Materials and Methods

Construction of SeMV clones in matchmaker Gal 4 two-hybrid system 3 vectors

The gene sequences, corresponding to the encoded domains of SeMV, namely Pro, VPg, P10, P8, RdRp, CP and MP, were amplified with high fidelity phusion polymerase (New England Biolabs, 240 County Road, Ipswich, MA 01938-2723, USA), using sense and antisense primer corresponding to the 5′ and 3′ terminal region of the genes respectively (Table 1) with full-length SeMV cDNA clone as the template (AY004291). An additional T was introduced at the frame shift site in the sense primer used for the amplification of RdRp to bring the nucleotide sequence in frame. For bait and prey construction, the PCR products were cloned at EcoR1 sites of pGAD T7 (Pro, P10, P8, RdRp, VPg and CP) vector having the Gal 4 activation domain with a N terminal hemagglutinin (HA) epitope tag and pGBK T7 (MP and MP deletion mutants) vector having Gal 4 DNA binding domain with a N terminal c-Myc epitope tag. All the recombinant clones were confirmed by PCR with T7 sense and gene specific antisense primers (Table 1), followed by DNA sequencing.

Y2H interaction assays

The yeast strain AH109, along with the respective clones in bait and pray plasmid pGAD T7 and pGBK T7 from matchmaker Gal 4 two hybrid system (Clontech Laboratories, Inc. 1290 Terra Bella Ave. Mountain View, CA, 94043, U.S.A), providing HIS3, ADE2, MEL 1 and lac Z reporter constructs and allowing high stringency Y2H selection were transformed and colonies were grown according to the Yeast Protocols Handbook ((PT3024-1, Clontech, Heidelberg, 2001). The cells were grown in minimal medium (0.67% yeast nitrogen base, 2% glucose) with appropriate amino acid omission (-Leu and –Trp for yeast transformed with both bait and pray plasmid). Replica plating was performed under conditions of increasing stringency according to the manufacturer's suggestions and subsequently analysed for growth on –Leu/-Trp/-His, -Leu/-Trp/-His/-Ade synthetic drop out (SD) media. The replica plates were analysed with 5-Bromo-4-Chloro-3-indolyl α-D-galactopyranose (α-XGal) to monitor MEL1 expression. Images were captured after 4–6 days of growth at 30°C.

To determine the strength of protein-protein interactions, β-galactosidase solution assay was performed using ortho-nitrophenyl-β- galactopyranoside as a substrate (ONPG; Sigma-Aldrich, 3050 Spruce St., St. Louis, MO 63103, USA). The transformed cells grown in 10 ml of -Leu –Trp –His medium or - Leu –Trp galactose medium (for transformants which failed to grow in the former medium) for 3 to 4 hrs at 30°C were lysed and assayed for β-galactosidase activity. The ß-galactosidase (ß-Gal) activity was quantitated using the following formula: 1,000×[OD420−(1.75)]/(T×V×OD600), where optical density at 420 nm (OD420) is due to the product formed, OD600 is the cell density of the culture, T is the reaction time in minutes, and V is the volume in ml. The assays were performed in triplicate. Proteins were also isolated from the transformed colonies to quantitate the expression of interacting proteins by ELISA. The proteins (Pro, P10, P8, RdRp, VPg and CP) expressed from pGAD T7 vector were quantified using HA polyclonal antibody as primary antibody, where as MP and the deletion mutants of MP expressed from pGBKT7 were quantified using cMyc monoclonal antibodies. For this purpose, the lysate of cells from 5ml liquid culture grown in appropriate SD medium (-Leu/-Trp/-His) was used for coating the wells.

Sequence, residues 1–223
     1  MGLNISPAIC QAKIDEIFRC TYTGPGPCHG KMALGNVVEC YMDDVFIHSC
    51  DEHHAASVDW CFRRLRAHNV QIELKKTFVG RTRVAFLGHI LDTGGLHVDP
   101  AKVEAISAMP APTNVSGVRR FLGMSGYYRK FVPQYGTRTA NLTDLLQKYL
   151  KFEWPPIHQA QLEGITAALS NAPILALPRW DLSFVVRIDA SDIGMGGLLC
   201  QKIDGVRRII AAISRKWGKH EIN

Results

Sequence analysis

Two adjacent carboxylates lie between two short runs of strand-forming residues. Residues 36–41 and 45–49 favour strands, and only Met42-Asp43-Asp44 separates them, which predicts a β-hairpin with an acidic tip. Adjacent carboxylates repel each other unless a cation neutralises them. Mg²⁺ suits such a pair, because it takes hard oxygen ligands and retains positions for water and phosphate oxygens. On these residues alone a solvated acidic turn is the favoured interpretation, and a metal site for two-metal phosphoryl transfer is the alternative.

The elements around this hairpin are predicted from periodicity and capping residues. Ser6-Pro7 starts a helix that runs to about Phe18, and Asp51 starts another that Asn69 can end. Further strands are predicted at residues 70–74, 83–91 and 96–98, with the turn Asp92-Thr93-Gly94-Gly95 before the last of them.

Construction and expression of GST-MP clones in E.coli

SeMV MP gene was amplified from the full length SeMV cDNA clone as described in the previous section. In order to express MP with N terminal- GST-tag, the PCR product was also cloned at EcoRI site of pGEX 4T1 vector (GE Healthcare Bio-Sciences AB,SE-751 84 Uppsala, Sweden). The recombinant clones were confirmed by PCR with T 7 sense and MP antisense primers (Table 1), followed by DNA sequencing.

MP deletion mutant genes were amplified with high fidelity phusion polymerase using sense and antisense primers corresponding to the N and C termini of each of the mutant (Table 1) and with pGEX-MP clone as the template. The PCR products were cloned at EcoRI site of pGEX 4T1 vector by site directed ligation. All the clones were confirmed by PCR with T7 sense and MP mutant specific antisense primers (Table 1), followed by DNA sequencing.